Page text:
A year ago in January - immediately after Hamid Karsai was appointed president of the interim government in December, KfW started its work in Kabul. Offices were rented there on behalf of the German government and the first talks were held with government representatives about the most urgent tasks. "On the first days in Kabul our objective was to identify our working environment before we then began with the actual project work", said management board member Wolfgang Kroh. "We wanted the people to realise as fast as possible that their living conditions would improve."
Already in mid-February the first schools which were constructed and renovated with the aid of KfW and funds from the German Ministry for Economic Cooperation and Development (BMZ) where inaugurated. For many girls and boys this was an important step back to normality. The first street lights were delivered to Kabul and installed already in February. Streets are now illuminated and contribute to safety in Kabul at night.
KfW is currently financing projects in Afghanistan with a total of EUR 70 million from funds of the BMZ. Around EUR 20 million of this sum was disbursed last year alone.
One emphasis in this cooperation is in the field of drinking water and power supply. Only 23% of the population now has access to safe drinking water and only 6% of the population has access to electricity. These two sectors play a key role for the reconstruction of the country's economy as well. Enterprises need both water and electricity for their production. Thus far 26 schools have been rebuilt. Now 60,000 children are being taught daily in various shifts. KfW is also active in the health sector. 13 health stations and clinics have been rebuilt and equipped, securing medical treatment for around 4500 patients per day. So far 47 kilometres of road have been upgraded.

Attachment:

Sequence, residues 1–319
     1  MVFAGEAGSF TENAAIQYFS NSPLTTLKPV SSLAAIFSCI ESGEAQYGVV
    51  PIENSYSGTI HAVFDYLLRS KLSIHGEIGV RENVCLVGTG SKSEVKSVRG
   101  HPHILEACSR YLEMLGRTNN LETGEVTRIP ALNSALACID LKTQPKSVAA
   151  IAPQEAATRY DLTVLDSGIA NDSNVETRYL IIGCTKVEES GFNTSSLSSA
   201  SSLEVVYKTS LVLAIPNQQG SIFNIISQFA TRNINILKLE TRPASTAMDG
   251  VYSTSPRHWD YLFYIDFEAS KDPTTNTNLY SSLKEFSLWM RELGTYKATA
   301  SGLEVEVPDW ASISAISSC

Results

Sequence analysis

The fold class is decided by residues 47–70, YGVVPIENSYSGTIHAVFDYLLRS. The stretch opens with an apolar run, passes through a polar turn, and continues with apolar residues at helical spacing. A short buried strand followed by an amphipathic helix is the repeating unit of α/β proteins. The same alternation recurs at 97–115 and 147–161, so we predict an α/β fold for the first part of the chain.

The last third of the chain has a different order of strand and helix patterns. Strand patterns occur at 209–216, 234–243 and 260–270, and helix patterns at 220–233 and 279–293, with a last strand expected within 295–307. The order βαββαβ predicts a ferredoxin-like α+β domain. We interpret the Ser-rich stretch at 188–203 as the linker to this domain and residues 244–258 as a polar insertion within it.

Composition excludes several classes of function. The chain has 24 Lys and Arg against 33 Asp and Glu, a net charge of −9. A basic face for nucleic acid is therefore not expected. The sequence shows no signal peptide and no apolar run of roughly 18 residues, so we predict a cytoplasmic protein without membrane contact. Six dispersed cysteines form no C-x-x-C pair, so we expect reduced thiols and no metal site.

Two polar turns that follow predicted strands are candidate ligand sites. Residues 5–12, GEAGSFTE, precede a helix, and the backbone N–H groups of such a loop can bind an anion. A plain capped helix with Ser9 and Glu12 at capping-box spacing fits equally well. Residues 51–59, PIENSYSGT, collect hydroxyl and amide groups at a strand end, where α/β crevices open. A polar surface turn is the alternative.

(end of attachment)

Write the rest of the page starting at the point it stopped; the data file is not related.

"We have made good progress in a year, a but after 23 years of war and civil war there is still a long road ahead of us before the people's basic needs can be only minimally satisfied", said Wolfgang Kroh. Because of the problematic security situation in many parts of the country KfW's projects thus far are limited to the cities of Kabul and Herat.
In addition to providing clean drinking water and adequate health care, the country's economic development must be promoted intensively. After all, only economic activity can create employment and overcome poverty. "Businesses urgently need a functioning infrastructure so that their production can be secured without interruption and their products can be brought to the market", said Wolfgang Kroh. KfW will therefore support the country in improving the economic infrastructure this year as well, for instance through the rehabilitation of the power network or the upgrading of further roads.
KfW is operating in Afghanistan not only on behalf of the German government but also on a mandate from the EU. Last December it was commissioned with administering the sum of EUR 9 million for the rehabilitation of the power supply in Kabul.